I remember hearing Annie Kidder from People for Education talking about parent engagement a couple of years ago. She was cautioning the educators in the room to look beyond the obvious in terms of parent engagement. We often think parent engagement means that the parents actually need to show up at the school for events. This idea stuck with me…parent engagement can mean so many other things: helping your child come to school ready to learn, reading the correspondence the school sends out in order to stay informed, participating in fundraisers, responding to requests that might be made for occasional volunteering…all sorts of things, many that might not even take place in the school building or during school hours. Not every parent can be present during school hours, but that doesn’t mean they can’t be engaged in school life along with their children! As a working parent of two children myself, I looked for ways to contribute and do my part to support and understand the school, but it couldn’t happen during the school day.
So, when my principal and I were chatting about our Remembrance Day assembly and how we could bring student voice to the process and make the Remembrance more relevant to our students who are in Grades K- 6, I was thinking back to those comments from Annie Kidder and thought about using technology to help out. Here’s what we came up with to make this work!
First, I created a google slideshow and added a title slide and my example slide to model the process. Then, I created a screencast to show parents and students how to collaborate and add their slide about their family members who may serve or have served in the armed forces in Canada or other countries. I used my favourite quick and easy screencasting tool, Screen-cast-o-matic, and then uploaded it here on YouTube.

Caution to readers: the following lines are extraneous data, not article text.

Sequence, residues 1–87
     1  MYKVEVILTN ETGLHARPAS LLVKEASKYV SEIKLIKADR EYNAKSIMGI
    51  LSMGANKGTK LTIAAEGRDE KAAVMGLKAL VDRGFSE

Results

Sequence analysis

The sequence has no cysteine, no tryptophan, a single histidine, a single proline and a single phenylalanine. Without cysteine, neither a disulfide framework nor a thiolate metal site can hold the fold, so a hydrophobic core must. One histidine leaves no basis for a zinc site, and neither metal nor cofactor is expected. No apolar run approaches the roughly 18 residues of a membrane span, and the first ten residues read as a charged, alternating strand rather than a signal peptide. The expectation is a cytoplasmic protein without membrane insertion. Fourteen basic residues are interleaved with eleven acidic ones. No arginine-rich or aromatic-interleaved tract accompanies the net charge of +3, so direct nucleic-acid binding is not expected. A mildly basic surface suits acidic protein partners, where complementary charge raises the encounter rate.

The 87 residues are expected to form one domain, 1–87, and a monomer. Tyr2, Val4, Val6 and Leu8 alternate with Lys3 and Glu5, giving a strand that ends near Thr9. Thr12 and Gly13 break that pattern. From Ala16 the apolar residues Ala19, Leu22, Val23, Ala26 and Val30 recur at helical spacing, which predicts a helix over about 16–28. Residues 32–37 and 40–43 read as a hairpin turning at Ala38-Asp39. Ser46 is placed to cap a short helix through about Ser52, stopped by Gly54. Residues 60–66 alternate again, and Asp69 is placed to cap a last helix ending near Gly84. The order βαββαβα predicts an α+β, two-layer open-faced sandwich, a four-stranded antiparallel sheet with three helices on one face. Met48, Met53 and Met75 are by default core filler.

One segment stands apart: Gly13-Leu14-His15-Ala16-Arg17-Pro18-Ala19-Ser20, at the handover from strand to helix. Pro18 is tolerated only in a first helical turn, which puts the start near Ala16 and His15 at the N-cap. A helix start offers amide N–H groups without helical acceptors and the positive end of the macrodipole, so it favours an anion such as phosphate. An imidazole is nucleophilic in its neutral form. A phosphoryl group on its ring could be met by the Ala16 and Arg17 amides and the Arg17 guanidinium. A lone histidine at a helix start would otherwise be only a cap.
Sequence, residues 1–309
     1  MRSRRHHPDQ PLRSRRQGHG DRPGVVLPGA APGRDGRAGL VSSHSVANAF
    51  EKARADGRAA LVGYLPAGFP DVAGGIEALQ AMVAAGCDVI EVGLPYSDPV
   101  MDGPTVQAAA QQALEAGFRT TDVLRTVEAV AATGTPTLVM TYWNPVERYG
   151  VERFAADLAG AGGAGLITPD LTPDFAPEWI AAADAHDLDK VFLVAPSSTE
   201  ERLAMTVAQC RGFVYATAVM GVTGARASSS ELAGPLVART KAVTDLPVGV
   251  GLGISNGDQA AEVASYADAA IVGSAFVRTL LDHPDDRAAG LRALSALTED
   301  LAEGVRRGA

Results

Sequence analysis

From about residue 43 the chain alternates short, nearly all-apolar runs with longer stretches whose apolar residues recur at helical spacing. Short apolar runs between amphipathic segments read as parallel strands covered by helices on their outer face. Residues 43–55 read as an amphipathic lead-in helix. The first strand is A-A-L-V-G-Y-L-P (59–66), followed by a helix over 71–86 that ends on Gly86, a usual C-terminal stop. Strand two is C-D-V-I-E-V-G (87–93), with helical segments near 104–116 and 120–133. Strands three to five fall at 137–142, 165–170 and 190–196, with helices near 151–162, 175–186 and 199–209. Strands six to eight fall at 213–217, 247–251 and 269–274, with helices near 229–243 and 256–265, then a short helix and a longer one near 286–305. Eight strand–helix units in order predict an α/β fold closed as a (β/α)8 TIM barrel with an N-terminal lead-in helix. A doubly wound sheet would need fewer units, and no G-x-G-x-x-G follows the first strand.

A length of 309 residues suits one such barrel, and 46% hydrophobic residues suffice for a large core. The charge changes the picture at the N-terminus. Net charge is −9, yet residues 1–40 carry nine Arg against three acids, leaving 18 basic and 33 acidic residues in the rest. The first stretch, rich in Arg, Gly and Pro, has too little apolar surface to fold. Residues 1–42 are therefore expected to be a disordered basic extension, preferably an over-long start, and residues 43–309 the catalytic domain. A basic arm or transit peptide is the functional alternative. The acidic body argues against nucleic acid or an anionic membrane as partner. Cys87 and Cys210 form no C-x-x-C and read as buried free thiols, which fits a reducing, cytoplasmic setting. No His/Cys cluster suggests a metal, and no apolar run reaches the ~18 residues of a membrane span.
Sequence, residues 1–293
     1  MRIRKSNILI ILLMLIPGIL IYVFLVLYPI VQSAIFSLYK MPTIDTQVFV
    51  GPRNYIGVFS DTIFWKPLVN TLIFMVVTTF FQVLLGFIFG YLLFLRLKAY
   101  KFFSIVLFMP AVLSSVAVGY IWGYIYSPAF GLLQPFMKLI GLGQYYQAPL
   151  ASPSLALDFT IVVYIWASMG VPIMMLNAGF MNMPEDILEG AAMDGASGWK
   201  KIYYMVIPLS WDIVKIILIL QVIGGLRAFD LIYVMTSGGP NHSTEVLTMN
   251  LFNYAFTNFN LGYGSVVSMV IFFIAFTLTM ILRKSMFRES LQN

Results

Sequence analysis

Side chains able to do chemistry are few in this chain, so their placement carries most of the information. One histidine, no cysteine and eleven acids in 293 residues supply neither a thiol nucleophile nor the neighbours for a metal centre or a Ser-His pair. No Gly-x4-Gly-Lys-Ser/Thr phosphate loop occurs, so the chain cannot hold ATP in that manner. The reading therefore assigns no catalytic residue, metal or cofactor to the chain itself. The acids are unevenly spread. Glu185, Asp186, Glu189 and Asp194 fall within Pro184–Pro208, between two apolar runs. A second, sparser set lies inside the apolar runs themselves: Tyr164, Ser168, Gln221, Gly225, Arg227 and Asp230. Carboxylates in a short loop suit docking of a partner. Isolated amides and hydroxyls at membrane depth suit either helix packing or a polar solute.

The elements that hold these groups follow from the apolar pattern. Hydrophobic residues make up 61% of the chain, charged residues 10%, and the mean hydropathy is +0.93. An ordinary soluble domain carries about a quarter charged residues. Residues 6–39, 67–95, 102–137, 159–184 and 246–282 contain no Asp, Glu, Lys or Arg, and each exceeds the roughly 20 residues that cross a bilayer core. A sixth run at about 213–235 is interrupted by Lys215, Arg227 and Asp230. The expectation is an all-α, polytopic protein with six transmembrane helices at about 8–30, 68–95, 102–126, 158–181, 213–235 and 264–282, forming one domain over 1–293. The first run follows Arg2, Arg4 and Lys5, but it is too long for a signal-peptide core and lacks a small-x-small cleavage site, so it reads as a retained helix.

I shared the plan with staff and mentioned that I had never tried this but wanted to give it a go. I also mentioned what might go wrong, and that I had a Plan B to try and prevent any issues that I was anticipating could create any wrinkles.
It was pretty exciting when I saw the first slide come in yesterday from a family, and it continues to grow! I wonder how many will contribute? We’ll know at the end of the day Monday. These will be read by students at the assembly as we share it with our whole school, and shared out later on our school website.
One of the things I’m working on as a new administrator through the Ontario Leadership Framework, is modeling some risk-taking for staff and letting them know that I’m okay with them trying new things even though they might not always work. We all need to try new things and they might not always work perfectly, but that’s part of learning! Another focus is increasing student voice in our school and building relationships with our parent community, both things I hope will be nurtured by making this small effort to reach out and include our families in our celebrations at school.
UPDATE! This was a huge success! We had 38 slides contributed which I thought was a great result from a first attempt, and the students loved hearing their names and their families mentioned. I wonder how this crowdsourcing approach could be used in other areas?